And that means that there is not really any need to be worried
for the future of the language.

Arne

went that
Arne Vajhøj
2021-11-26 14:28:52 UTC
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Post by Arne Vajhøj
Post by Simon Clubley
Post by Arne Vajhøj
Post by Simon Clubley
Post by Arne Vajhøj
Post by Simon Clubley
Post by Arne Vajhøj
But considering how many open source projects that has
thrived for decades without even having code of conduct
and a moderation team then it is not obvious to me
what the "serious problem" is.
That's the old way of doing things.
In the new fashionable way of doing things, you are supposed to
declare how your language is a socially conscious language and
then bring along all the CoC and moderation infrastructure to
support that.
That's exactly the kind of statement the Rust people made BTW when
they setup the Rust language project.
1) is the "old way" still able to produce software?
2) is the "new way" morally better than the "old way"?
And I think the answer to question #1 is YES.
Which means that the risk for Rust users is minimal.
You are making the rather naive assumption that people interested in
pushing 2) as the way forward would allow the Rust development model
to switch to the 1) old way of doing development and hence get rid of
all the new infrastructure. :-)
But they are not getting rid of the new infrastructure.
If you read your own links then they already appointed a couple of new
members to the moderation team.
Maybe a large number of Rust contributors will revolt and force the
core team to accept being overseen by moderation team.
But I would not hold my breath until it happens.
Arne, you have answered a different question to the one you asked above.
You were asking if Rust could switch to the old way of developing
open source software. My reply was to point out why that isn't going
to happen.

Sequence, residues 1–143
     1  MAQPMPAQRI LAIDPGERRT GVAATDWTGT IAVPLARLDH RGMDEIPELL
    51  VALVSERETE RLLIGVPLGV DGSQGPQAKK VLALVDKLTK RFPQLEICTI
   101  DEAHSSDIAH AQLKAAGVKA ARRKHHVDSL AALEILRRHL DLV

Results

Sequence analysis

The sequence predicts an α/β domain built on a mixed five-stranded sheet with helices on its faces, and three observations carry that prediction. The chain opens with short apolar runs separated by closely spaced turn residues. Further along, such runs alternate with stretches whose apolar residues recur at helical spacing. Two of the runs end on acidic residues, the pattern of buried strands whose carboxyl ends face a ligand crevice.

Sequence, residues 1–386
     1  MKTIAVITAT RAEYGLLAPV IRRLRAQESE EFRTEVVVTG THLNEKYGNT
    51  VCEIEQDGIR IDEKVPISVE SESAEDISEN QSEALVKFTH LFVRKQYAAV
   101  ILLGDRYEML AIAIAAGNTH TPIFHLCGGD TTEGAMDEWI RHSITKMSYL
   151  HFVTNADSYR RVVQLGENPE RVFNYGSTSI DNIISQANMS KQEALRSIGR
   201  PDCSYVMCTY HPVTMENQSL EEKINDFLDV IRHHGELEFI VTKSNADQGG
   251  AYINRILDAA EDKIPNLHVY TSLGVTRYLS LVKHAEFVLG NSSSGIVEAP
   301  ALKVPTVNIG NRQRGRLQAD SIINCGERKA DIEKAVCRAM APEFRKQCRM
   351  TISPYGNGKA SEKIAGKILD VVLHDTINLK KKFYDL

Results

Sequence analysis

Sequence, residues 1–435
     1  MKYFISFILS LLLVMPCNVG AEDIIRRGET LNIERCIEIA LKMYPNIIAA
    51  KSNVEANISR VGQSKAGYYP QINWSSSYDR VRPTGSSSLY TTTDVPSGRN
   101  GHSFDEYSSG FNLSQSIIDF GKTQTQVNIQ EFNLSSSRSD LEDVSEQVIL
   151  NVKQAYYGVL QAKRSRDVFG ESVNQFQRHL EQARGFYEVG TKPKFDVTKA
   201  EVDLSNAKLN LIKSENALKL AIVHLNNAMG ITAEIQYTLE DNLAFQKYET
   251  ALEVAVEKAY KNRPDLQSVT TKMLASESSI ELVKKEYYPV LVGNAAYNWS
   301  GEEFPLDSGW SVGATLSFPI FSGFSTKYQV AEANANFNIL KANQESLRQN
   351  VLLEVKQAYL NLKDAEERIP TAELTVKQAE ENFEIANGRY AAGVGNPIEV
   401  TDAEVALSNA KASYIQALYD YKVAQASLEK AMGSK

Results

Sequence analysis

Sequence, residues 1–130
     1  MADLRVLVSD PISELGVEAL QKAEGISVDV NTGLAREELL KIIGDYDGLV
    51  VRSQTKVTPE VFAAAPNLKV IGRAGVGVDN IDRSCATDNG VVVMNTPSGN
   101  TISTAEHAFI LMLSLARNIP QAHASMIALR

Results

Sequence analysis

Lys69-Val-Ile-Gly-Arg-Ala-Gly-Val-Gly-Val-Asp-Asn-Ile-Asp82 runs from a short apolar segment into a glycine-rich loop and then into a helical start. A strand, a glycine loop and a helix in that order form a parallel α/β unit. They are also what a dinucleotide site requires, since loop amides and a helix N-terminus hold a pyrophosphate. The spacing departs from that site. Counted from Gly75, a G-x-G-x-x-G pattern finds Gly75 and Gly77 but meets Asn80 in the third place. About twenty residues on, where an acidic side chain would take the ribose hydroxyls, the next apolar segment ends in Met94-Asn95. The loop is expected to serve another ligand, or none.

It is not happening because it does not seem to be what the core
team want to do.
But that does not mean that they could not produce software if
they went that route.
And that means that there is not really any need to be worried
for the future of the language.
https://blog.rust-lang.org/inside-rust/2021/11/25/in-response-to-the-moderation-team-resignation.html

Core team seems to stick to the course and it looks like the leads
of the other teams are on board.

So no impact on Rust.

Arne
Simon Clubley
2021-11-26 18:38:01 UTC
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Post by Arne Vajhøj
https://blog.rust-lang.org/inside-rust/2021/11/25/in-response-to-the-moderation-team-resignation.html
Core team seems to stick to the course and it looks like the leads
of the other teams are on board.
So no impact on Rust.
Reddit has a less charitable take on that response: :-)

https://www.reddit.com/r/rust/comments/r1yhgt/in_response_to_the_moderation_team_resignation/

Simon.
--
Simon Clubley, ***@remove_me.eisner.decus.org-Earth.UFP
Walking destinations on a map are further away than they appear.
Phillip Helbig (undress to reply)
2021-11-23 21:38:10 UTC
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Post by Simon Clubley
It looks like Rust development is basically in meltdown as the entire